Iran Travel Guide

Iran Holidays – Tours & Adventure Travel Guide

PureTravel Says
“The Islamic republic of Iran was known for centuries as Persia. Iran is situated in the Middle East bordering Armenia, Azerbaijan and Turkmenistan to the north; Afghanistan and Pakistan to the East; the Persian Gulf and Gulf of Oman to the south and Turkey and Iraq to the west. The capital city is Tehran, which is also the political, cultural, commercial and industrial center. Iran has a population of over 70 million people. The currency is the Iranian Rial. The supreme leader of the country is now the chief Ayatollah, since the Islamic Revolution in 1978 removed the Shah from power. Below the Ayatollah, are the President and the Council of Ministers.”

Iran Holidays Overview

Iran is a mountainous country with many high mountain ranges. The highest point is Mount Damavand at 5,610m (18,405 feet). It also has dense jungles in the north of the country, and some desert basins. There are coastal plains around the Persian Gulf and the Sea of Oman. It has a very varied climate due to the range of altitudes and terrains. In the west the severe winters produce heavy snowfall and continuous temperatures of below freezing. Summer temperatures in the eastern and central basins can exceed 38C (100F) and are very hot and humid. The coastal plains have mild winters and hot summers with 5-14 inches of rainfall.

Iran has large reserves of state owned oil and natural gas, which account for most of the country’s economy. Agricultural crops are a small part of the country’s exports and include dates, flowers and pistachios.

Many Muslims visit Iran each year on a pilgrimage to visit the Imam Reza shrine in Mashahd. It is rated the 10th most touristic country in the world by the Iran Daily, in terms of tourist attractions. It is considered a ‘Land of Wonders’ with its ancient historical relics and rich cultural life. The cities and ancient historical buildings offer a wealth of incredible experiences to visitors. However, Iran does not advertise and promote itself to the international world of tourism, and few people discover its wealth of treasures.

Iran Culture & History

Iran’s culture dates back to 4000BC. There are dozens of pre-historic sites on the Iranian plateau with evidence of civilizations here even earlier than in nearby Mesopotamia. The ancient cultures were enhanced with a rich diversity of music, architecture and the arts which all flourished between 625BC and 651AD. Iran was on the ancient silk route, which linked trade between China, Egypt, Mesopotamia, Persia, the Indian subcontinent and Rome.

Iran’s culture today is highly influenced by the Islamic faith. There are several holy cities in Iran including Mashahd, which is the site of the Imam Reza shrine. Many pilgrims visit the shrine each year. The city of Esfahan has a wide variety of Islamic architectural sites, and the Naqsh-e-Jahan Square has been designated a UNESCO World Heritage Site. The huge Square and highly decorated buildings are quite magnificent, and a tribute to the advanced development of Iran so many centuries ago.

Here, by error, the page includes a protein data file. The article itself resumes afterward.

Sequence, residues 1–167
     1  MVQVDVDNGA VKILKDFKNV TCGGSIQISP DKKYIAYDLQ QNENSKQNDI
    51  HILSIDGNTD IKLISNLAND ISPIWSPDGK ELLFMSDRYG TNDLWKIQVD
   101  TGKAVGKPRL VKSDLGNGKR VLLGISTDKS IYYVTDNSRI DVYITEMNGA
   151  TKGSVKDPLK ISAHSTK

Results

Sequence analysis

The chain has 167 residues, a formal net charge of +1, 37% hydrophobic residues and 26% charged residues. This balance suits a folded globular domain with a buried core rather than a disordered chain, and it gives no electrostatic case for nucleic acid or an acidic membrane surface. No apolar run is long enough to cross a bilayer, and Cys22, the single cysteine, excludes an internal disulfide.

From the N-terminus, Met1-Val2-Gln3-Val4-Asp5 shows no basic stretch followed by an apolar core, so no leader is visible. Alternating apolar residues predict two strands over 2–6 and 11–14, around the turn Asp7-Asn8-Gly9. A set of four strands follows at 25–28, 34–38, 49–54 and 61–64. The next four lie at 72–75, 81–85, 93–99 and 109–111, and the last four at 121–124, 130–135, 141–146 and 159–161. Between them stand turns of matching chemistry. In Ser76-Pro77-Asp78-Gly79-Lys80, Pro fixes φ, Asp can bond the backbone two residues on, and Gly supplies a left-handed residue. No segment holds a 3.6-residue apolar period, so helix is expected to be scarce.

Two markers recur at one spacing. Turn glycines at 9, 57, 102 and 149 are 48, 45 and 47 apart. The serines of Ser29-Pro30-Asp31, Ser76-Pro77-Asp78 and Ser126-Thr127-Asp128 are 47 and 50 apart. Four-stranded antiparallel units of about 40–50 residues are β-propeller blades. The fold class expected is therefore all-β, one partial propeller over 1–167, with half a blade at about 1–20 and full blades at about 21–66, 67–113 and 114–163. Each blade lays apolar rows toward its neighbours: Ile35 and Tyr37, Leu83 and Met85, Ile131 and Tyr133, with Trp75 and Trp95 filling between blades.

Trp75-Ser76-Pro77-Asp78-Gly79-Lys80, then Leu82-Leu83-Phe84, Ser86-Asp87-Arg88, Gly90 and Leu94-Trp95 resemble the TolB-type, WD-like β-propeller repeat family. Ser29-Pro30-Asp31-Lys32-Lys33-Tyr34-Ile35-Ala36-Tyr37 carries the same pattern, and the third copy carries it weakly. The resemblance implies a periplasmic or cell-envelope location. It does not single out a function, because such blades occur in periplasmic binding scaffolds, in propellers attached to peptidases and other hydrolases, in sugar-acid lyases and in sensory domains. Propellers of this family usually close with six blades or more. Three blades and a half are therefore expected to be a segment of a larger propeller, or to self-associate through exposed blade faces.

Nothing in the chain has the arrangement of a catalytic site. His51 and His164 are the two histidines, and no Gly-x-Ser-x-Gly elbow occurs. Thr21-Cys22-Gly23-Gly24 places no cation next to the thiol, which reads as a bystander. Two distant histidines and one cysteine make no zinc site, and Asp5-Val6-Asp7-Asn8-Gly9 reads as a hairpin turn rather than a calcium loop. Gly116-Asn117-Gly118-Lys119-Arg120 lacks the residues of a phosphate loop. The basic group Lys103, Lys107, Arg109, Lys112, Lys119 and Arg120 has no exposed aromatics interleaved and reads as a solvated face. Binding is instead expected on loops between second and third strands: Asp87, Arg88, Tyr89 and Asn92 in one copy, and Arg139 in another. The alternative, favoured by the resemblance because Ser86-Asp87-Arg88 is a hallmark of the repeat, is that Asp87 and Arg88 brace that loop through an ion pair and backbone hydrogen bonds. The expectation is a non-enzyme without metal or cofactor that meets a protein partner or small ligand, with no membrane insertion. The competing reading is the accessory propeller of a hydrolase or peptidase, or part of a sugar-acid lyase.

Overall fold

Most International tourists visit Iran for the wealth of architectural, historical and cultural buildings in and around the main cities.

When to Go

The best months to enjoy a cultural holiday in Iran are from May to September. However, the climate varies widely across the varying altitudes and it depends where you are going and what you want to do.

Along the Caspian coast and the northern forests the climate is subtropical. On the northern edge of the Caspian coastal plain, temperatures fall to freezing, and it is humid year-round. Summer temperatures reach 29C (85F) maximum.

Rainfall varies from 27 inches (680mm) on the eastern side of the plains to 67 inches (1,700mm) in the western part. The eastern and central basins are arid with less than 8 inches (200mm) of rainfall each year, and there are some desert areas. Here the summer temperatures exceed 38C (100F).

Around the Persian Gulf and the Gulf of Oman the winters are mild and the summers are hot and humid. Rainfall here varies from 5-14 inches (135-355mm) annually.

The coldest winter temperatures are in the westerly Zagros basin, which has severe winters with temperatures well below freezing and heavy snowfall.

Iran Holidays In Focus

History & Culture

Naqsh-e Rustam - Naqsh-e Rustam is an archeological site 12km North West of Persepolis. It has a series of relief carvings called the Sassanid reliefs, carved in a stone wall face. The oldest relief dates back over 3,000 years to around 1000 BCE, and was part of a larger mural. Most of the relics depict historical events surrounding the lives of the kings. The most famous is the wonderful rock-relief carving of the Iranian Emperor Shapur I capturing Roman Emperoro Valerian and Philip the Arab.